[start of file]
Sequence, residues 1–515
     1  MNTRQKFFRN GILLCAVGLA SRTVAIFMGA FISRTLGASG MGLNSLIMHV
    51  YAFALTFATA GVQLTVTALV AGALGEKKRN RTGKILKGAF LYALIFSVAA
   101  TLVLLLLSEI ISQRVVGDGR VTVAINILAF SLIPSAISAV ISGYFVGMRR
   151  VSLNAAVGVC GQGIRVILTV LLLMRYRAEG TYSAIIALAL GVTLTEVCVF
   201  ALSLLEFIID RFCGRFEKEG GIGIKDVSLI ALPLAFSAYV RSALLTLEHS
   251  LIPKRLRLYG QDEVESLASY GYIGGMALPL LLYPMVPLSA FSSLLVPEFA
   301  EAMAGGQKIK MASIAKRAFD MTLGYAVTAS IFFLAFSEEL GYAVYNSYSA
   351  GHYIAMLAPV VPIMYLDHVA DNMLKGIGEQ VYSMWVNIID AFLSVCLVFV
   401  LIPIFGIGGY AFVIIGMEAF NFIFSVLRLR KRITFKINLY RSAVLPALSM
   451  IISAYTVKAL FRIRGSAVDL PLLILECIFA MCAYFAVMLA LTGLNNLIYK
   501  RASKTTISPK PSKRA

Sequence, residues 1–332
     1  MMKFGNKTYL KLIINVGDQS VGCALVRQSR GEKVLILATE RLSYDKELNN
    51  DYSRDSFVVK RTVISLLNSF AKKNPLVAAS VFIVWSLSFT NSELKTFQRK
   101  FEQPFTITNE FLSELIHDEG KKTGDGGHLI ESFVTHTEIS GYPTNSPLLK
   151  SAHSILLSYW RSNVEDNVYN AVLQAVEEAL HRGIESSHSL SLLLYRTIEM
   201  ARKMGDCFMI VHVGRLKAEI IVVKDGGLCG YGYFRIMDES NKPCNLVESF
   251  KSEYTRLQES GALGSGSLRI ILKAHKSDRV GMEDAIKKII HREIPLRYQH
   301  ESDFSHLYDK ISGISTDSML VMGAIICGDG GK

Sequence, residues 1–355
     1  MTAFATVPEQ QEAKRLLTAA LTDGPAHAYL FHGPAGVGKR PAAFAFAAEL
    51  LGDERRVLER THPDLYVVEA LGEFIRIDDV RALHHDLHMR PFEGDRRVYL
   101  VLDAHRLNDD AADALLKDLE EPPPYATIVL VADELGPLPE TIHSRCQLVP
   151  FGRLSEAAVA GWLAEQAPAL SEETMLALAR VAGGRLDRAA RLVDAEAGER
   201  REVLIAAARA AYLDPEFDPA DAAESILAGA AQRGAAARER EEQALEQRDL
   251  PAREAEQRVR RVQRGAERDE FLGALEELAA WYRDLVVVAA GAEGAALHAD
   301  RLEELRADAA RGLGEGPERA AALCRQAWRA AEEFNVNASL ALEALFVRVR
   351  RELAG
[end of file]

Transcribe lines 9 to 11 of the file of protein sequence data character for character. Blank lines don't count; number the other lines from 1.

   351  GHYIAMLAPV VPIMYLDHVA DNMLKGIGEQ VYSMWVNIID AFLSVCLVFV
   401  LIPIFGIGGY AFVIIGMEAF NFIFSVLRLR KRITFKINLY RSAVLPALSM
   451  IISAYTVKAL FRIRGSAVDL PLLILECIFA MCAYFAVMLA LTGLNNLIYK